Fatherhood the second time around

Alan Kantor, 69, has five children and five grandchildren. His three youngest children, ages 6 months to 8 years, are benefiting from his experience raising the older children, Stephan,  40, and Evan, 36, as well as his time as a Jewish Big Brother.

“I am involved with my wife and kids, and other things are less important,” says Alan.

Alan and his first wife, Roz, moved to the West Coast in 1981 when the computer firm where he worked transferred him from New York to Los Angeles. He later started his own business. Alan was active at Temple Ramatzion in North Ridge, CA, for 25 years; when his two older sons were in high school, he asked them if they would mind if he became a Jewish Big Brother through the Milliken Center.

Through the years, Alan says he’s had many financial ups and downs and has made a vital discovery: “Money isn’t everything – I am living proof of that. My happiest time of life is right now.”

When raising his first two children, the demands of a high-pressure job and running his own company took a lot of his time. Now, Alan says that he has discovered how wonderful it is to have the time to be with his children – Robert, Liam and Neal.

He says he has learned from the mistakes he made with his first family of committing so much of his time to work.

“I am home; I am able to attend meetings with teachers,” he says of parenthood the second time around. “The downside is I’m much older. It’s hard to get up from the floor. Physically I can’t do some things.”

Being a Jewish Big Brother to two boys over about 20 years also contributed to his enjoyment and skill as a father now. He still keeps in touch with one of his “little brothers,” who is a father of two and a professional chef. “It’s nice to see him maturing and growing up,” says Alan. “I had a positive impact.”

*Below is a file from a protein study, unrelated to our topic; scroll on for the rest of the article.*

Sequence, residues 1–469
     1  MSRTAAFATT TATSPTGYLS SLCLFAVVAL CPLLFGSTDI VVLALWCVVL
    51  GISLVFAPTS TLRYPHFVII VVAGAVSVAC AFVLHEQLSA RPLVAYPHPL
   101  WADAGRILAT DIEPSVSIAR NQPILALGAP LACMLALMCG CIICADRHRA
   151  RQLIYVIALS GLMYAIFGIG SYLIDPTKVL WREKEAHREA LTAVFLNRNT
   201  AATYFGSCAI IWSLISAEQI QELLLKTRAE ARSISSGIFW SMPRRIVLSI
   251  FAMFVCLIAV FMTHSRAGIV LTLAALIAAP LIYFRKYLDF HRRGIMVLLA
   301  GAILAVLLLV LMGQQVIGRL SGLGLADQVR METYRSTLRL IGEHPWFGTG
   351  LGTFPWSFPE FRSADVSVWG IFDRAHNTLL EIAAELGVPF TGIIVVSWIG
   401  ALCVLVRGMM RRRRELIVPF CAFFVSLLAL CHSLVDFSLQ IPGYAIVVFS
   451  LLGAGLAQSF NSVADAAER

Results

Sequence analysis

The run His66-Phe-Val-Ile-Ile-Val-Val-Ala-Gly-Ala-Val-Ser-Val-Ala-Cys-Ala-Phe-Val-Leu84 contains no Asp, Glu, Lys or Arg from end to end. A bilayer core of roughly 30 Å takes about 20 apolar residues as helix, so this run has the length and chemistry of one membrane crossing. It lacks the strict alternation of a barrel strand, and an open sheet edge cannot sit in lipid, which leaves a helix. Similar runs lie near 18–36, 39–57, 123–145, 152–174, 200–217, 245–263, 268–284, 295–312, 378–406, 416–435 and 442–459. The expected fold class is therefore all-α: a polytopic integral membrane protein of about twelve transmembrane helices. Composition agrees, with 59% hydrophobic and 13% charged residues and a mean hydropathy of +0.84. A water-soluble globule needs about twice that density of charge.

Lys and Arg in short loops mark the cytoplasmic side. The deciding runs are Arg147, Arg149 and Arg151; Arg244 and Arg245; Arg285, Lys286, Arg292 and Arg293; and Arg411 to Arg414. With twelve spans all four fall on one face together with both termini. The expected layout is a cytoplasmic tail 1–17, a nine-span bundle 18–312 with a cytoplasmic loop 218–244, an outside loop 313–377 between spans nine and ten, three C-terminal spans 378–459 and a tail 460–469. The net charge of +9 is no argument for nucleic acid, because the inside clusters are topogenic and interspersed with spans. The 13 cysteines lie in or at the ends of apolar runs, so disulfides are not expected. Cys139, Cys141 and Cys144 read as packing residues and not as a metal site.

“It gave me more patience the second time around,” he says of the experience. “It made me appreciate my kids more.”

Alan and his second wife, Augusta, moved to Portland in 2008, when he was hired as director of sales for the Hoffman Group, which is well known in the automobile restoration world as a supplier of parts and accessories. The company has since shifted its focus and Alan hopes to find another sales position. He says he has passion for selling, but he wants to have the freedom to focus on his second family. The family is considering a move to Bend because Robert, 8, has been offered a spot on the Mount Bachelor Ski Education Foundation Ski Team. Since Augusta works out of the home designing women’s shoes as director of design for HH Brown’s shoe division, she’s not tied down to Portland.

But they do want to stay in Oregon, where they love the outdoor lifestyle.

“We spend most of our days outside doing things,” says Alan.

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